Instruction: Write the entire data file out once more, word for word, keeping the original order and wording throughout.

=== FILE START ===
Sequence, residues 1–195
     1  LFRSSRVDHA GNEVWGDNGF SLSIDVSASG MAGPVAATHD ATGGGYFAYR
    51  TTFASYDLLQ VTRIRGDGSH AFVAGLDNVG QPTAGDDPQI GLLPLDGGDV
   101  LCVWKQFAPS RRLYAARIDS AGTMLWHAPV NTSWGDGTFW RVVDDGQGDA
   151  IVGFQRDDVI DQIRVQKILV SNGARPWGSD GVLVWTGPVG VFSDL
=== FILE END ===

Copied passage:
Sequence, residues 1–195
     1  LFRSSRVDHA GNEVWGDNGF SLSIDVSASG MAGPVAATHD ATGGGYFAYR
    51  TTFASYDLLQ VTRIRGDGSH AFVAGLDNVG QPTAGDDPQI GLLPLDGGDV
   101  LCVWKQFAPS RRLYAARIDS AGTMLWHAPV NTSWGDGTFW RVVDDGQGDA
   151  IVGFQRDDVI DQIRVQKILV SNGARPWGSD GVLVWTGPVG VFSDL